A brief bidding war for J. M. Tull, a suburban Atlanta metals distributor, apparently ended Friday when Bethlehem Steel Corp. announced that it would begin a $22-per-share tender offer Monday and that it already had received options for more than 51% of Tull shares.
Los Angeles-based Earle M. Jorgensen Co. had announced early Friday that it would offer $23 per share for Tull, but it said later in the day that it would reconsider its offer in light of the “lock” that Bethlehem has on Tull, according to S. Monte Robinson, senior vice president of finance.
Both the Bethlehem and Jorgensen offers came after Inland Steel Corp. announced last week that it was making an unsolicited takeover bid of $19 per share for Tull. Before the Inland offer, Tull was not on the auction block. Tull stock closed Friday at $22.25, up $2.
The Bethlehem offer is worth $94.6 million, a substantial premium over Tull’s $63-million book value. But Arthur Lichtendorf, a metals analyst at E. F. Hutton, said Tull has excess funds in its pension accounts and 12 warehouses that are carried on the books at below market value.
“Tull is a well-run company in its business,” Lichtendorf said. “People in the steel business are looking for stability and distribution is more stable than integrated steel.”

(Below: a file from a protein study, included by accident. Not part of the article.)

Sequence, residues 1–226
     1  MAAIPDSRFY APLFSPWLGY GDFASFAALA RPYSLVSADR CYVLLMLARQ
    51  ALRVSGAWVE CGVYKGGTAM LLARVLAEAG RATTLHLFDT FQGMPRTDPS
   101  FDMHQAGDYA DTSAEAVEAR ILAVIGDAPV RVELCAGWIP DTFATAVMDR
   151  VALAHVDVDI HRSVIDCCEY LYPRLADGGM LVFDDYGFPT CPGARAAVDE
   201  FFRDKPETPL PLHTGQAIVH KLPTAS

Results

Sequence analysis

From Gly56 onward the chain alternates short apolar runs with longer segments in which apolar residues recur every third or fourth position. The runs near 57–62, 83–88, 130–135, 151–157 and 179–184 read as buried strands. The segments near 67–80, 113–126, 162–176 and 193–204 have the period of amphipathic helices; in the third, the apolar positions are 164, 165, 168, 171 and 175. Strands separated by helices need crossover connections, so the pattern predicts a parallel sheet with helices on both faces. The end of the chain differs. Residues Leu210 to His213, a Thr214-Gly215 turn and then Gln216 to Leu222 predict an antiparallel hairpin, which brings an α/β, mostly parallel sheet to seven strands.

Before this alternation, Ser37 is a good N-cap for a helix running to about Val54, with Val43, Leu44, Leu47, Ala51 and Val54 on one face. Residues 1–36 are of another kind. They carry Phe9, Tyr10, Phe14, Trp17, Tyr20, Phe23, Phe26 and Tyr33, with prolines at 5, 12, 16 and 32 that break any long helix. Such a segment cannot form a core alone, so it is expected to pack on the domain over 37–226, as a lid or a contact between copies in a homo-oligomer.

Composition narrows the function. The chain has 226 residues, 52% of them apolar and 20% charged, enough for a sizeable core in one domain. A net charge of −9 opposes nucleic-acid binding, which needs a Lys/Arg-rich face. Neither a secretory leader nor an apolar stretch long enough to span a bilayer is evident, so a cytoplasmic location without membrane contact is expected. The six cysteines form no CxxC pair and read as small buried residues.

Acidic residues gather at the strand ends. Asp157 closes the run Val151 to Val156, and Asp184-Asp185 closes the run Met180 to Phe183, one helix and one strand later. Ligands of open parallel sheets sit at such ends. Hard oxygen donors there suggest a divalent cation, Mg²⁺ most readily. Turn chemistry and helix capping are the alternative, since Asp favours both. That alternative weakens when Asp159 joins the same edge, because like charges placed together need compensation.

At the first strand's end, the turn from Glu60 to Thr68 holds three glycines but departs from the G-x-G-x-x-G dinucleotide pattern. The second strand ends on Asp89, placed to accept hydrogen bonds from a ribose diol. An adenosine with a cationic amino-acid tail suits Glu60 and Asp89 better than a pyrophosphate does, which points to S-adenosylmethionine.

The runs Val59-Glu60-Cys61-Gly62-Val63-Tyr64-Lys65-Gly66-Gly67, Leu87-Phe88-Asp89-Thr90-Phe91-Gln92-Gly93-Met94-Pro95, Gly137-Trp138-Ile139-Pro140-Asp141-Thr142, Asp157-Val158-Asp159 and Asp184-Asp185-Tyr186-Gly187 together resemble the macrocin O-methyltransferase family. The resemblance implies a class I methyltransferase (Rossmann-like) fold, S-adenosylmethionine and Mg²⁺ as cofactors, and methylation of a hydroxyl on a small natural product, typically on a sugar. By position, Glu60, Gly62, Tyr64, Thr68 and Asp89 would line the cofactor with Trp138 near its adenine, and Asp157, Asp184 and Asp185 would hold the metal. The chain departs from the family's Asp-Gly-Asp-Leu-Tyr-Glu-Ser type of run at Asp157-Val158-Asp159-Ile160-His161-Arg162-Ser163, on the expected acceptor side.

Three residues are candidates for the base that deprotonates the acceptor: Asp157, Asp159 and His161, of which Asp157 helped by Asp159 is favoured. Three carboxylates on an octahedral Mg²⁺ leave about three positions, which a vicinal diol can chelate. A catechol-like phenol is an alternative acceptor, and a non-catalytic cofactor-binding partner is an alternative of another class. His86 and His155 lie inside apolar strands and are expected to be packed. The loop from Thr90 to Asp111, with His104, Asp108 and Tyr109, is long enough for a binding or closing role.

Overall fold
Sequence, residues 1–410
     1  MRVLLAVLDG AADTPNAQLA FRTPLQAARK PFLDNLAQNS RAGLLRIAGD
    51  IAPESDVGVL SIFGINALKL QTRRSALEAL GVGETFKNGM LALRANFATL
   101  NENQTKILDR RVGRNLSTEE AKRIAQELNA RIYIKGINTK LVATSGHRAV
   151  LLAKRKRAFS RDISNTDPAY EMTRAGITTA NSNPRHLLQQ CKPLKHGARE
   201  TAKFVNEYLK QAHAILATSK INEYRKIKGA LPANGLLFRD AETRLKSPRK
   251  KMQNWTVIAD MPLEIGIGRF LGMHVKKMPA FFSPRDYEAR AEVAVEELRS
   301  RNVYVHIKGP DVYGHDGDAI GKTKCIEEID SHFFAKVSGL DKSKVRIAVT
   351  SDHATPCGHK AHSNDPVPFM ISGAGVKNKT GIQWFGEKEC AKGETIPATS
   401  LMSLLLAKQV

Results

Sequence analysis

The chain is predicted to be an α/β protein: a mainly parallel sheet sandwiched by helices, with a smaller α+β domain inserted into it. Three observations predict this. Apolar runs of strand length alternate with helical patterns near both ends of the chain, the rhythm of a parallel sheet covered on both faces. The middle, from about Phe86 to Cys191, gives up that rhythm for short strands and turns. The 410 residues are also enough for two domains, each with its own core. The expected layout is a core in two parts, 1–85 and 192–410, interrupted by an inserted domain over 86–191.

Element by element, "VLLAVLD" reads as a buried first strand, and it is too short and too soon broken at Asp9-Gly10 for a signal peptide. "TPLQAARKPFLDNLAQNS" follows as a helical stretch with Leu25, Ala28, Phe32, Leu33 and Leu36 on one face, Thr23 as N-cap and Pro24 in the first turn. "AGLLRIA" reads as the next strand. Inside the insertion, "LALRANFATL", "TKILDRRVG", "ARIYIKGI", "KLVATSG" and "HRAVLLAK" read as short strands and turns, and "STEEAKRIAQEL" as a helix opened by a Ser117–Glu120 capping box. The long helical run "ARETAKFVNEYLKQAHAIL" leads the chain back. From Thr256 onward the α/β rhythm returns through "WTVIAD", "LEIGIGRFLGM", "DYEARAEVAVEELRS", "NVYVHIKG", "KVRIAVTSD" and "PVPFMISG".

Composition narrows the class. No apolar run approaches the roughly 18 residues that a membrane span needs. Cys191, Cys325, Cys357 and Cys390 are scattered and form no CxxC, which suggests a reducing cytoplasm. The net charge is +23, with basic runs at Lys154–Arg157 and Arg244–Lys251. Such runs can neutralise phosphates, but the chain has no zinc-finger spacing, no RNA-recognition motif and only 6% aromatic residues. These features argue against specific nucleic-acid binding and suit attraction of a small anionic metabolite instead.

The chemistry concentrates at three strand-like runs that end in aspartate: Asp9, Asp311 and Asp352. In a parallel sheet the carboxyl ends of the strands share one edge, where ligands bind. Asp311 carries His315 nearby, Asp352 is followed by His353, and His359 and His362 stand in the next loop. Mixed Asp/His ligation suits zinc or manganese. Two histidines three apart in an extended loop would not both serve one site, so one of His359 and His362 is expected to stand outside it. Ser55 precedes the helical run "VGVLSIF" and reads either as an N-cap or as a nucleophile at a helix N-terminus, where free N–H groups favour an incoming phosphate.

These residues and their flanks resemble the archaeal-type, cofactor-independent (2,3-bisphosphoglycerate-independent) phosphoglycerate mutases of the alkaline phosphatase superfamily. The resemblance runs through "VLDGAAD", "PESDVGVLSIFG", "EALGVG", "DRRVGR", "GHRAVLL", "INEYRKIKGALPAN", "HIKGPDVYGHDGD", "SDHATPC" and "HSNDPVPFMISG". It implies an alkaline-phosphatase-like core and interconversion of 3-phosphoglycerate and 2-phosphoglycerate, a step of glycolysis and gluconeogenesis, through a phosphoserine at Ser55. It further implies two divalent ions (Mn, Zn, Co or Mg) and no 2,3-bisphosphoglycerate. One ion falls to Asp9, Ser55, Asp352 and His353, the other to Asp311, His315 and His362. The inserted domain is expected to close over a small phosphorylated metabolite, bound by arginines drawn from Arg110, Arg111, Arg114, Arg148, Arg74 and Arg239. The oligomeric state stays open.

Tull earned $6.2 million on sales of $195 million in 1984, up from profits of $5.7 million on sales of $166 million in the prior year.
A Bethlehem spokesman said the steel company has a “firm” agreement that enables it to acquire more than 3.1 million Tull shares. That includes 815,000 shares held by Tull that were acquired from the J. M. Tull Foundation and additional shares in the Tull treasury.
In addition, Bethlehem has agreements to buy 750,000 shares held by individuals, presumably insiders.
Bethlehem said it will finance the deal with cash and through existing lines of credit. The directors of both companies have unanimously approved the deal, and Tull shareholders will vote on it at a special meeting not yet scheduled.
Bethlehem last reported a profit in 1981, when it earned nearly $232 million. The company reported losses of $497.9 million in 1982, $270.4 million in 1983 and $77.8 million last year.
Jorgensen had wanted to acquire Tull because of the nearly “perfect fit” with the firm’s own metal distribution business, which lacks operations in the Southeast, where Tull is strongest, Robinson said.